Carroll seeks more water from city-owned reservoir

Baltimore stresses need to protect watershed

August 15, 1999|By Mary Gail Hare | Mary Gail Hare,SUN STAFF

To ease water shortages in Carroll's most populated area, county officials have entered into negotiations with Baltimore City to draw more water from Liberty Reservoir.

The county would like to increase by 2 million gallons its daily allocation of water from the reservoir, a 75 billion-gallon lake the city owns, and expand the Freedom Treatment Plant in Eldersburg. The county must win the city's approval to proceed.

The county commissioners and several department heads who met recently with George G. Balog, Baltimore's public works director, said the city was receptive to their proposals.

"We have an agreement in principle to allow additional withdrawal [of water] and for an expansion of the plant," said Gary Horst, county director of enterprise and recreation services.

Balog said Friday that "there is still work to do before there is an agreement." The city will not approve the project until it has assurances Carroll will not increase development in the watershed areas, Balog said.

An increase in reservoir volume is feasible, but the city remains "sensitive to preserving the pureness of the water. Building in the area could affect its quality," Balog said.

South Carroll has nearly tripled in population to more than 28,000 since the plant was built in the early 1970s with a daily 3 million-gallon capacity. The water system is often strained by operating at full capacity, supplying about 6,700 homes and businesses.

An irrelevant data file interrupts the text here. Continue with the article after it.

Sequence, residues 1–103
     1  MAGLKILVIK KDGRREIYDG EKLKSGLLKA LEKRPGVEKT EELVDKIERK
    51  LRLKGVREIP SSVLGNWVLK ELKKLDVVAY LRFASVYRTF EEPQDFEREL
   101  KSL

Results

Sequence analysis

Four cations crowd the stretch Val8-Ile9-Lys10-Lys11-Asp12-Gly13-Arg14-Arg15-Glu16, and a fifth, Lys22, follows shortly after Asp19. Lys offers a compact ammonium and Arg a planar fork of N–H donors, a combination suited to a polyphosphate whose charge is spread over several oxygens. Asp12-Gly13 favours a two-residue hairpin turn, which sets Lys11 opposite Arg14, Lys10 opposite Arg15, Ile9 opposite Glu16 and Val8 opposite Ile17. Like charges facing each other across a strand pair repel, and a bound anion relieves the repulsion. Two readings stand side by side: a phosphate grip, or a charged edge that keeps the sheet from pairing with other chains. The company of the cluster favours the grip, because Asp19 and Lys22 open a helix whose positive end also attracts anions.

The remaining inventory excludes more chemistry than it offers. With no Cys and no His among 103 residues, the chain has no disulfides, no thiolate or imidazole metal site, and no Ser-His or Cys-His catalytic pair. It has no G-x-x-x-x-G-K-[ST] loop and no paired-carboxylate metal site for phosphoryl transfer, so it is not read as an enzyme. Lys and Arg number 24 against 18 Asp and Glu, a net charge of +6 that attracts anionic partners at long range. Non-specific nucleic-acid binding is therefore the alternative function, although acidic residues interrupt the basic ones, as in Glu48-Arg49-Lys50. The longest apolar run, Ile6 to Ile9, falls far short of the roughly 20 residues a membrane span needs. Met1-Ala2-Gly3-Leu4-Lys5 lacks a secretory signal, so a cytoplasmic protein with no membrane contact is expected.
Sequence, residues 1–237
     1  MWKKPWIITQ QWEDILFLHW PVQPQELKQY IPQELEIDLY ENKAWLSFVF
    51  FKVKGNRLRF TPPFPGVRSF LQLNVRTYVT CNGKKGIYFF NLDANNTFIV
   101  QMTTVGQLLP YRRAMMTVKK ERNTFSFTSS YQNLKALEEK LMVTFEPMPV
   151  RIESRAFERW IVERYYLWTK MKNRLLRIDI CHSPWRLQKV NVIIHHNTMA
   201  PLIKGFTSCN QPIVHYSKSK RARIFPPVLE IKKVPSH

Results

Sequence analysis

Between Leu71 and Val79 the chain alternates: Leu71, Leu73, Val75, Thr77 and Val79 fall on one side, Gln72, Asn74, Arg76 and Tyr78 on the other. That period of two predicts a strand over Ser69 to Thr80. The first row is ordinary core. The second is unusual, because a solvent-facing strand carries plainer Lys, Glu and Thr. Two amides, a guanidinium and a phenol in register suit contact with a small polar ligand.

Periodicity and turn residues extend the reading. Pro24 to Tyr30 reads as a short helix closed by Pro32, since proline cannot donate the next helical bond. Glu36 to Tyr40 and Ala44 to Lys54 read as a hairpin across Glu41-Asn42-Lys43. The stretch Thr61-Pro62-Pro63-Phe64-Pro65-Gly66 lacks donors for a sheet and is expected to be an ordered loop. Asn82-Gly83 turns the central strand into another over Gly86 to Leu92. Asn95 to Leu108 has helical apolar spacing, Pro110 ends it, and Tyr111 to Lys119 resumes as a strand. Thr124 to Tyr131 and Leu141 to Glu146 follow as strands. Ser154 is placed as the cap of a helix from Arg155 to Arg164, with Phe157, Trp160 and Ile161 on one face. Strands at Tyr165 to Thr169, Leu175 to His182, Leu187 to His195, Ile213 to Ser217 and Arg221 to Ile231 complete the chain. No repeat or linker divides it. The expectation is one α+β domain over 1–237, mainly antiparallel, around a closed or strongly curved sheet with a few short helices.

For the past three years, summer has meant restrictions in water use for residents who rely on the public water system. South Carroll's infrastructure has not kept pace as development continues.

During the meeting with Balog, the city "expressed concerns about rezoning acres for development," said Horst. Balog referred to a proposed growth plan that suggests rezoning nearly 500 acres in South Carroll for residential development. The county planning commission opposed those rezonings. The county commissioners have not reviewed the plan.

"After we explained that the county planning commission opposed those rezonings, the city was more responsive to our position," Horst said.

The county expects to draft a memorandum of understanding for the city that stresses Carroll's environmental policies, Horst said.

J. Michael Evans, county director of public works, said Carroll offered Balog "a fairly impressive list" of its environmental efforts.

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